Thursday, March 31, 2011

Song Beneath the Song: A Meditation on Television's Musical Episodes

I know I “broke up” with Shonda Rhimes and “Grey’s Anatomy” way back in the first month of MTVP’s existence, but I will *gasp* be watching “Grey’s” this week. That’s because tonight is what they’re dubbing “The Music Event.” In other words, it’s a musical episode, featuring the amazing vocal talents of Tony-winner Sara Ramierez and other selected cast members. The singing is apparently worked into the plot due to “Callie’s mental state” as Ramirez has put it in interviews, which I much prefer as opposed to random breaking out in song. The episode will feature songs from the first three seasons of the show, which is pretty much why I’m watching (that and because I can’t pass up a chance to hear Sara Ramirez sing). During those early seasons of the show, I was obsessed with the music. If you look on my iPod right now, you will see an over 2.5 hour long “Grey’s” playlist, with all songs in the order they appeared on the show. In honor of tonight’s big event, I’m going to explore some other past musical episodes. There’s the classic musical episode always associated with the genre, “Buffy the Vampire Slayer’s” “Once More With Feeling.” I’ll also be looking at two musical episodes (which were not quite as music-heavy) from last season, “Fringe’s” “Brown Betty” and “How I Met Your Mother’s” “Girls vs. Suits.”

“Once More With Feeling” was Joss Whedon’s first attempt at writing a musical, and while I find his later offering, “Dr. Horrible’s Sing-Along Blog” (check out the super-awesome book that just came out this week!) to be more polished, there are plenty of things to like about “OMWF” as well. There’s a wonderful variety of music, from pop to rock to songs that sound like Broadway standards. I love Xander and Anya’s duet “I’ll Never Tell” because it’s cute and retro, and I love that Anya keeps making meta jokes about how the song is retro throughout the episode. “Walk Through the Fire” was the theme song that kept me sane while taking the bar exam. The greatest vocal talent in the episode is displayed by Anthony Stewart Head as Giles and Amber Benson as Tara, but I love that the rest of the cast really dove into the challenge and gave it a valiant effort, too. I also appreciated that there was a reason that fit with the logic of the show and the plot of the episode for the singing and dancing to be happening. There’s a demon who uses singing and dancing as a weapon, of course! Most importantly, the whole episode is infused with the trademark Whedon wit.

The only way to describe “Brown Betty” in one word is beautiful. When I first saw this episode of “Fringe,” I wasn’t feeling that well, and I didn’t really like it. When I rewatched it in a better mind set, however, I was blown away. The music isn’t as central in “Brown Betty” as it is in “Once More With Feeling,” but what we did get was memorable. I especially enjoyed Lance Reddick’s surprisingly wonderful night club jazz interlude and Anna Torv’s heartbreaking rendition of “For Once in My Life.” Jasika Nicole’s solo also stood out. The music wasn’t quite as organically as part of the plot in this one, but there was still an attempt made to justify the singing. There was no strange phenomenon causing people to spontaneously burst into song. Instead, Walter was telling a story to Olivia’s niece, Ella, and trying to process his feelings about Peter running off after finding out he was kidnapped from the Other Side as a child. I think what I love most about this episode (other than the fact that the great chemistry between Peter and Olivia is fully on display) is the noir vibe. Walter remembers his mother loved musicals and noir detective stories, so that’s what he creates for Ella.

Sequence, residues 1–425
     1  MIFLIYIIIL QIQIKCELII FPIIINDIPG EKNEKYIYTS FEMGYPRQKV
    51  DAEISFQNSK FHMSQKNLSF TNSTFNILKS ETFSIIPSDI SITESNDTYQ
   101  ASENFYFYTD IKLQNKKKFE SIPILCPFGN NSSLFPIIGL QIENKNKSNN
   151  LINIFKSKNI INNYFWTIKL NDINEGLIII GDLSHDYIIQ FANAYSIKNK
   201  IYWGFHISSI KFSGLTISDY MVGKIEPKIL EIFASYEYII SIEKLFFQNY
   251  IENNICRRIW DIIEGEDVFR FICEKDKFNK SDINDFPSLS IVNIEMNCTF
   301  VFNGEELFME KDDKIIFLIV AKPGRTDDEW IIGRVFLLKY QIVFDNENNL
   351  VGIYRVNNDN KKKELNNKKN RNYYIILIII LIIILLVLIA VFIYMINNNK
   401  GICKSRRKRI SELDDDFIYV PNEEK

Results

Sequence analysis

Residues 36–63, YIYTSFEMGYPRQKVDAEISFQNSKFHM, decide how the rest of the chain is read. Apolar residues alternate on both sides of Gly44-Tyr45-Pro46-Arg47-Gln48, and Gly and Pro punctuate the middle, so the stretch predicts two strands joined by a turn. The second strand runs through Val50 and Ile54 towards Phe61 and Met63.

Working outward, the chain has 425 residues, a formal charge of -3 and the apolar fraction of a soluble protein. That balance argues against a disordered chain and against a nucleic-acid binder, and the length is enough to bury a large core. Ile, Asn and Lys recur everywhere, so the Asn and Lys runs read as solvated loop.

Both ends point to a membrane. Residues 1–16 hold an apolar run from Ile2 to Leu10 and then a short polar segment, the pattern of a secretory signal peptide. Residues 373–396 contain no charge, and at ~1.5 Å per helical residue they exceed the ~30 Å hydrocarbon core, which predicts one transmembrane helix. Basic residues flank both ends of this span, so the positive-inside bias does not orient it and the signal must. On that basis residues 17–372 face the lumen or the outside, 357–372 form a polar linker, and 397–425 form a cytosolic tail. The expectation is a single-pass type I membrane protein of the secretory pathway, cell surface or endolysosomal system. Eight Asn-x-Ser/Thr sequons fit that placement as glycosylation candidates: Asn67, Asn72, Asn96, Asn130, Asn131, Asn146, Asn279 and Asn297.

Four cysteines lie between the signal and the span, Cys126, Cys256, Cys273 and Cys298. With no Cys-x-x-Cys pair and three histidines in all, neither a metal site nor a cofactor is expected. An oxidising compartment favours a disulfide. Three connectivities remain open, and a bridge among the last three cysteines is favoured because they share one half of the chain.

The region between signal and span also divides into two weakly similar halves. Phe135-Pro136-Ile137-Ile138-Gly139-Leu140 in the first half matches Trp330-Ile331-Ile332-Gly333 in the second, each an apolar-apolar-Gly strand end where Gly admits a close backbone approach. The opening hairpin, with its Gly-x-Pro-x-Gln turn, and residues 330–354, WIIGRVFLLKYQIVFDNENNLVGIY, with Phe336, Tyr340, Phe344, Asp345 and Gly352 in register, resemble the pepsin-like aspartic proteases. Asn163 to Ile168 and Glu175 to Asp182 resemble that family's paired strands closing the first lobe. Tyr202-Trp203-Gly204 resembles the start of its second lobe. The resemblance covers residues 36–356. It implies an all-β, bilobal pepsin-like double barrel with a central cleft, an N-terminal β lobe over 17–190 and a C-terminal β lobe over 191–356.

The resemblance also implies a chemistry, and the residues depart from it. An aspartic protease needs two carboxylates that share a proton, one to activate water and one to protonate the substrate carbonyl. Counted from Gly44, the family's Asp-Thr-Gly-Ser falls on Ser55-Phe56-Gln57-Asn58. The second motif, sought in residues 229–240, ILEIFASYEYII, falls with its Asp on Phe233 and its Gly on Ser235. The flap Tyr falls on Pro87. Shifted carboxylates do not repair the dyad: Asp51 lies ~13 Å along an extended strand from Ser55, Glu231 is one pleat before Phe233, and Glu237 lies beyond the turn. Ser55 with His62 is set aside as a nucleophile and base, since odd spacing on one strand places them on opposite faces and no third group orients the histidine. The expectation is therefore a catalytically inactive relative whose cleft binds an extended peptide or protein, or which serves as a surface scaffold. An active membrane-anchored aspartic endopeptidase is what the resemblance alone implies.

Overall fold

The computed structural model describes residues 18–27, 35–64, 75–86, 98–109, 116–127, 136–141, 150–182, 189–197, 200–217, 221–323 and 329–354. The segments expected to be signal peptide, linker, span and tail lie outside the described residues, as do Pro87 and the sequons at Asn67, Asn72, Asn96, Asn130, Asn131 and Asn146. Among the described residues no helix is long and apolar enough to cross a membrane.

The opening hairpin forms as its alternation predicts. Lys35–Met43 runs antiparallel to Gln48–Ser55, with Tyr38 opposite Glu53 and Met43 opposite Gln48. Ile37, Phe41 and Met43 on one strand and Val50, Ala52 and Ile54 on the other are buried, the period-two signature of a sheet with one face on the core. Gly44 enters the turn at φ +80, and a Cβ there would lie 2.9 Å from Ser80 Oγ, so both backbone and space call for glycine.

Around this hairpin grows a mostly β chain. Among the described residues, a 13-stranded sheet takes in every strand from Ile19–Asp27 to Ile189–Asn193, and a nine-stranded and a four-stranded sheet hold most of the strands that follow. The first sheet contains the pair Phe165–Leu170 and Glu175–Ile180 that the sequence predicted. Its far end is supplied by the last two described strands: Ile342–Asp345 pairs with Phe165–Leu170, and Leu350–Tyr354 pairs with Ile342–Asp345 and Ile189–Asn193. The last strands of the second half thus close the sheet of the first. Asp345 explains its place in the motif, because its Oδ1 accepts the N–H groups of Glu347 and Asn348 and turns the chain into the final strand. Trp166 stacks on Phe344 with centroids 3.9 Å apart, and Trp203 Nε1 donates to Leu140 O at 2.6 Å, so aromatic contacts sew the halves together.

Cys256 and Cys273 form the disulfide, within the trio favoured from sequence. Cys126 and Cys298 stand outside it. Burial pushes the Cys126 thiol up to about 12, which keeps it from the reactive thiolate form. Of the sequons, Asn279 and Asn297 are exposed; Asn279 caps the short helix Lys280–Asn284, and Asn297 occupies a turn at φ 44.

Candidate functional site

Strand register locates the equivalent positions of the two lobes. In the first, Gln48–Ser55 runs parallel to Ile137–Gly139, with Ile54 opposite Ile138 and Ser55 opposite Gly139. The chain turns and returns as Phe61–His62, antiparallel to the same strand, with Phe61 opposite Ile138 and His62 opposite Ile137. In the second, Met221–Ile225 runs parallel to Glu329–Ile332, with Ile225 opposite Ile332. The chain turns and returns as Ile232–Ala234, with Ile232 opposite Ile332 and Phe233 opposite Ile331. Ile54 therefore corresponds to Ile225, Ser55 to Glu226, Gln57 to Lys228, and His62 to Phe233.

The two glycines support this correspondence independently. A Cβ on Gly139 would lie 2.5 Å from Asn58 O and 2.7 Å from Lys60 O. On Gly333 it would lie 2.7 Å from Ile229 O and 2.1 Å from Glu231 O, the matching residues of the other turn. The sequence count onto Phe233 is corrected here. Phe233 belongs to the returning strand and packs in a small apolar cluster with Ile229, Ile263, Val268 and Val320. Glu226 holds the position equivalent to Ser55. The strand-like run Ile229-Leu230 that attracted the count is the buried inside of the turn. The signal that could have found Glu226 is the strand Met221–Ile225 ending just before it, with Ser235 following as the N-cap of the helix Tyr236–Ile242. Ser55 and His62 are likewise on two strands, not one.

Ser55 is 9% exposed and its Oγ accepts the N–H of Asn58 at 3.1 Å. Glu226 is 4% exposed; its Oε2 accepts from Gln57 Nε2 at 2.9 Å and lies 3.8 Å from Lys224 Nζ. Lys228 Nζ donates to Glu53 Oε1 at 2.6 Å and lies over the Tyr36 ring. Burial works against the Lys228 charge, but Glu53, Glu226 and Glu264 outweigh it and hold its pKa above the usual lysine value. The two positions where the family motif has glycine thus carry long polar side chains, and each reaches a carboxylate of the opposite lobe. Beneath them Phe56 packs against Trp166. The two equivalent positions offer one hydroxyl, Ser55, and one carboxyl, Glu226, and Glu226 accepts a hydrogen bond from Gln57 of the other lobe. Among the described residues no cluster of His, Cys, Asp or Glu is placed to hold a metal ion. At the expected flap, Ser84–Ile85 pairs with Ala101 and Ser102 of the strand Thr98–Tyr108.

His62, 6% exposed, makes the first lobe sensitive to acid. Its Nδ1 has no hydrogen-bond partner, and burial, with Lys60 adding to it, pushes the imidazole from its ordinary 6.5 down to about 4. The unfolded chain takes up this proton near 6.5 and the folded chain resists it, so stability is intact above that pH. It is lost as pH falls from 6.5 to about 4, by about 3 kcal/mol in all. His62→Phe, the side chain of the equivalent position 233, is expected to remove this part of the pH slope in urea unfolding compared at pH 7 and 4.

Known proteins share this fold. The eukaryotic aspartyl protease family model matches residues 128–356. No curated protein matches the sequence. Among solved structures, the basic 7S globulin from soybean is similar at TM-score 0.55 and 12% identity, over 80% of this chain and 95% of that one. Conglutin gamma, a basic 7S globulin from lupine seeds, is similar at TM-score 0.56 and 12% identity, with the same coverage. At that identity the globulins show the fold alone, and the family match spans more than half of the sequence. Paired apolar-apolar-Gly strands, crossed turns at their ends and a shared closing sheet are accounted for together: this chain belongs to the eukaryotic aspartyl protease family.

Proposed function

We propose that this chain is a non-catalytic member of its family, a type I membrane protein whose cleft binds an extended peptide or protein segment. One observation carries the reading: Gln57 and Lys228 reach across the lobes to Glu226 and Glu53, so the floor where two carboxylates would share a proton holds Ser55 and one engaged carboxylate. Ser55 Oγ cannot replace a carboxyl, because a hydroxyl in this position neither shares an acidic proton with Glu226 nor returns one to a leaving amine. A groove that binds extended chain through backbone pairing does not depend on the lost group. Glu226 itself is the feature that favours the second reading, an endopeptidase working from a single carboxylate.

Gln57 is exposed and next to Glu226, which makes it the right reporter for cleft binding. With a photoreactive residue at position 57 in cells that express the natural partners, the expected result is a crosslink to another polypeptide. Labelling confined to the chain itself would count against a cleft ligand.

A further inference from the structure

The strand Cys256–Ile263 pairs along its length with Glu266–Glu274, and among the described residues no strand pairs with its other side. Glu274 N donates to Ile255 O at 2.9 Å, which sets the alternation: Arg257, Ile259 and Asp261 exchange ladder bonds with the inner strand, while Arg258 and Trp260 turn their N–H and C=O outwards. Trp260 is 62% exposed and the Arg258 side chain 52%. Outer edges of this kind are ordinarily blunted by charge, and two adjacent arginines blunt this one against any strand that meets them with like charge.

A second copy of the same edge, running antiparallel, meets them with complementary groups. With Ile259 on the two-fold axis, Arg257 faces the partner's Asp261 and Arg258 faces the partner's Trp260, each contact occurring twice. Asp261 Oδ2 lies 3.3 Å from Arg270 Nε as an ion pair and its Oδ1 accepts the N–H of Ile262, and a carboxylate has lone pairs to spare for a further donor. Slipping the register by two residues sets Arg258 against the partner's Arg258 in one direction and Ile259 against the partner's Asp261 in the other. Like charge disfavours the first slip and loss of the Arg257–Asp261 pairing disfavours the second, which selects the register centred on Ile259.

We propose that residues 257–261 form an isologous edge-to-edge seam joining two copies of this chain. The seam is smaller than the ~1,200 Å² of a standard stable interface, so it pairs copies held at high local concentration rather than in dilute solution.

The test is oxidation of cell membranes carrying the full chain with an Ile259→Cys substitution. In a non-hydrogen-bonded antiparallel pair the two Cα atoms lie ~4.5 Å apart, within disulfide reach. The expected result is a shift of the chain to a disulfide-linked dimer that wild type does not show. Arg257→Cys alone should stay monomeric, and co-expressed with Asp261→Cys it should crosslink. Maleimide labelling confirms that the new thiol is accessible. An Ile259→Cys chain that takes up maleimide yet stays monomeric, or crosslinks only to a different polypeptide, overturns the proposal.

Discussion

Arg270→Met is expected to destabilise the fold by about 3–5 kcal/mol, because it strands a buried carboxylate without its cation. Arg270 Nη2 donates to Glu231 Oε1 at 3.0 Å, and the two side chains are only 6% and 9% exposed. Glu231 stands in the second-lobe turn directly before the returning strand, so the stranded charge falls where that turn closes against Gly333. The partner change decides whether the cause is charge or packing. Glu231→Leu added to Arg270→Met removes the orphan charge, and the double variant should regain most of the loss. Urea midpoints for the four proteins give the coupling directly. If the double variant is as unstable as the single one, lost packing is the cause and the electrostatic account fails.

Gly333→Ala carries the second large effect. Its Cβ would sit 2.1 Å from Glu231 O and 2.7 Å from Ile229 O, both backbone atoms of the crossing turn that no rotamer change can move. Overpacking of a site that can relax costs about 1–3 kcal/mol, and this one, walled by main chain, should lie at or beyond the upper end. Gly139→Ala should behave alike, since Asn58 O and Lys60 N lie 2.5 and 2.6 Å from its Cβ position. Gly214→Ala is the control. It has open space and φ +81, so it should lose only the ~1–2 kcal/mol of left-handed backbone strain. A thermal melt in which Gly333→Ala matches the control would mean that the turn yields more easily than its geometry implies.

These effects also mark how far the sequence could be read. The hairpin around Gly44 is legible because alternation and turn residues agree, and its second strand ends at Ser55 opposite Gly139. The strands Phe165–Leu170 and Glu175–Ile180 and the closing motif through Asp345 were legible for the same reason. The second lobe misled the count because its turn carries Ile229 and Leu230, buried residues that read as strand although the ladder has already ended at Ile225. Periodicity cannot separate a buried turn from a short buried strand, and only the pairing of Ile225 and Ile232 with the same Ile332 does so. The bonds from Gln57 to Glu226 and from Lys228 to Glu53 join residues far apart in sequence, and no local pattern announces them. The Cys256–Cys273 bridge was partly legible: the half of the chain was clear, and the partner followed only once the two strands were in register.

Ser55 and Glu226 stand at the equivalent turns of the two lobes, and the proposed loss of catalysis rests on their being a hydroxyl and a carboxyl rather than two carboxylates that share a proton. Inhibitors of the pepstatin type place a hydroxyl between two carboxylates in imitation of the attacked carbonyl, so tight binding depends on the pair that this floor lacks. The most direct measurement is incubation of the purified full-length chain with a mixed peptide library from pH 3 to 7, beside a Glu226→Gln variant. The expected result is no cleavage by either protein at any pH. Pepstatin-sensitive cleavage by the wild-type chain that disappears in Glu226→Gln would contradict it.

“Girls vs. Suits” barely qualifies as a “musical episode” as it really only has one big song-and-dance number near the end of the episode, but it was marketed as a musical episode, so I’m including it here. How could I pass up a chance to gush about Neil Patrick Harris, after all? The plotting of this episode was fairly lacking (Barney’s dating a really hot chick who claims she doesn’t like guys who wear suits), but I really enjoyed the big production of “Nothing Suits Me Like a Suit” at the end. Neil Patrick Harris got to go into full-on song and dance man mode, which is always fun. The rest of the cast got in on the fun too, each singing a few lines where they challenge Barney about what could possibly make him give up his precious suits. I love the end of the number the most, where it goes complete Busby Berkeley-style. Bringing this blog post full circle, it really reminds me of a moment in “Once More With Feeling” where a bit character played by frequent Whedon-verse writer David Fury sings with joy (and lots of dancing back-up) that the drycleaners “got the mustard out” of his clothes.

So will the “Grey’s” Music Event (the actual title is “Song Beneath the Song,” itself an homage to a wonderful song from the show’s musical heyday that is on my playlist) be worthy of standing among these other musical episodes, or will it be a self-congratulatory waste of an hour? When I first heard the concept (we’re going to do a musical episode using songs that our show made famous!), I thought it would probably end up being the latter. After seeing some sneak previews and watching some interviews with Sara Ramierez, however, I have hope. It sounds like the cast really poured a lot of effort into this one, and an hour with a lot of Sara Ramirez singing can’t possibly be all bad. Given that the music of the first three seasons of “Grey’s” is so great to begin with, I’m actually looking forward to this one.

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